The face has received flint work attention which cannot be accounted for in an endeavor to make a tool. This stone seems wholly unsuitable as tool stone. It has been deliberately shaped, it resembles a bird head on two sides and has two human face likenesses when they have already been associated with the backs of bird figures on this blog here and also here. This Ohio flint bird is very similar to one from Italy, described by Paleolithic sculpture author Pietro Gaietto.

The Ohio bird was found in the same general location as several other flint bird head figures.

I have also described human facial profiles worked on flint edges. This is an example in the Flint Ridge material with a profile on each side of the stone like this one.

It should be noted that Jacques Boucher de Crèvecœur de Perthes specifically described bird heads as among the iconic materials he found alongside tools in the Somme valley of France in the mid 19th century.

Turned upside-down the turkey vulture head resembles a sitting bird with beak turned up to accept feeding

The flint compared with a turkey vulture head

Here is another human facial profile, looking leftward, worked into the flint on the backside of the bird head. Note the prominent brow ridge which suggests a more robust human type.

In its totality this object and its context proves a Stone Age art enterprise at Flint Ridge which, among many motifs, incorporated combined bird and human forms.

12 April 2016

The Old Route 66 Zoo reveals more stone human head likenesses from a half-acre site

'Zooanthropomorphic face with animal-like left ear'
Stacy Dodd and Rod Weber find, The Old Route 66 Zoo, Site #23JP1222

Note the lighter 'eyes' and the reddish 'nose' on the face like figure which is looking to the upper left corner.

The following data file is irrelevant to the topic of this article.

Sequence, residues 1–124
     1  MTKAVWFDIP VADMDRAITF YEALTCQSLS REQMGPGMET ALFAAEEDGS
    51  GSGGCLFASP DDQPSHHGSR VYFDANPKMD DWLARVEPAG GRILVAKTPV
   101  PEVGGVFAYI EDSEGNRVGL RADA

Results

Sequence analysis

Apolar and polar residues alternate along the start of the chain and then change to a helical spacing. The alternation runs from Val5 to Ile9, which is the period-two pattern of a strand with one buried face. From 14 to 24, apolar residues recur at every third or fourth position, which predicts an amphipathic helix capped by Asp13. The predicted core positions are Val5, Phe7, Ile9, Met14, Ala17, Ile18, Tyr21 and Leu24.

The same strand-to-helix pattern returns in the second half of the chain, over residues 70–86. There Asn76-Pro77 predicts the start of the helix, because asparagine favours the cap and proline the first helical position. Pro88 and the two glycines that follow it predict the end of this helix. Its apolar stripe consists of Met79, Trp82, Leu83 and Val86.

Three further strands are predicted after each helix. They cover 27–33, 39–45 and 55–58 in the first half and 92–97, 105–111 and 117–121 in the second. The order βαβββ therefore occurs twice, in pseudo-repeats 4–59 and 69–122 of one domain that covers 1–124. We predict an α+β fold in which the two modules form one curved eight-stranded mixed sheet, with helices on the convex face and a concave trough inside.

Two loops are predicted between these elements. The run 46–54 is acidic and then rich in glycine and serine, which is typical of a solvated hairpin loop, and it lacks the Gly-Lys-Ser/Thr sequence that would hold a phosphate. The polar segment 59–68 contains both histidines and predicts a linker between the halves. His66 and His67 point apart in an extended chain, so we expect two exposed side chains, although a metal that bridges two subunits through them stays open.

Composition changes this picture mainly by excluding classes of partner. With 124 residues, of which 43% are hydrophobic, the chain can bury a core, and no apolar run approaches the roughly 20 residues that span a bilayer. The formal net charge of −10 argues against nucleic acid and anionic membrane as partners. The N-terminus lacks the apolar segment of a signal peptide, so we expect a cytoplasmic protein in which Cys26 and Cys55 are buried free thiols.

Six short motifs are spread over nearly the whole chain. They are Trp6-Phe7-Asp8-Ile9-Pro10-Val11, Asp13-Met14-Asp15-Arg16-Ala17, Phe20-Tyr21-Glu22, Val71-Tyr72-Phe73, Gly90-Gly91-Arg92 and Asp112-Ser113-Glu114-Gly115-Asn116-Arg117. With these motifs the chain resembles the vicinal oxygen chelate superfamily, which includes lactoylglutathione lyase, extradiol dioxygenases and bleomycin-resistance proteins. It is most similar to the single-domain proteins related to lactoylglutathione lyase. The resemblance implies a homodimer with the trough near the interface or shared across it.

Another anthropomorphic 'face mask' from the OR66Z Site, Jasper County, Missouri (Missouri local archaeological inventory number).

An examination of these stone sculptures can confirm Stone Age modification.

11 April 2016

More of the 'mammoth with human face on posterior' motif from The Arkfeld Site

'Mammoth right profile with human face depiction on its posterior'
Adam Arkfeld find, The Arkfeld Site, #44FK732
Clear Brook, Virginia

One of many mammoth sculptures from this site. This one could be depicting a mastodon based on the head and body shape. Adam describes the sculpture as smoothed by extensive handling and ocher stained. He detected a human face likeness on what would be the posterior of the mammoth. The mammoth body is seen in right profile with the human face in the lower left corner.

'Human face on mammoth posterior'

08 April 2016

Stone head and pendant in close proximity from the Island of Oléron, France

Henri Valentie finds, Island of Oléron, France, on a Lower Paleolithic site producing other finds featured on this blog. "You can see many faces on this left profile" writes Valentie. 38/30/20 cm.

A stone pendant with bi-conical hole found on the same site on the same day on the Island of Oléron. 7/6/4 cm. Henri Valentie finds.

30 March 2016

American Archaeology has not accounted for tool types often associated with 'portable rock art' and found in abundance in parts of North America

"The Hopewell Shaman" Licking County, Ohio
About 2,000 years old

The Hopewell Shaman recovered at the Newark Earthworks in 1881 just 10 miles from my home is particularly not what most Native American portable rock art looks like based on my own observations. And most Native American tools are not flaked chert or flint tools, but coarse stone ones in expedient, crude and opportunistic forms.

American archaeology was born in 1784 when Thomas Jefferson split open an earthen mound on his Monticello estate. In 2011 when I requested a meeting with Ohio's curating archaeologist to show him a suspected Paleolithic flint sculpture hoard I found on the shore of a former glacial terminus lake, he replied with a "no thanks" and sent some photos of some stone figures found in Ohio mounds, including the above Wray figurine, and explaining "this is what Native American art looks like." 227 years and so much for progress in Archaeology. They truly are "mound-bound" in their thinking.

The Ohio amateur archaeologist community has not developed a strong Paleolithic interest other than "fluted points." The book "Ohio Stone Tools" goes wrong starting with "A" for "anvil" which is incredulously missing from this publication and its decades later updated version. I have found anvils to be one the most common artifacts, often visible on the landscape and a proxy for Stone Age culture sites. They often have stories to tell based on their use scars. Anvils can also indicate bi-polar lithic reduction sites which produce distinct artifact types often not recognized by North Americans.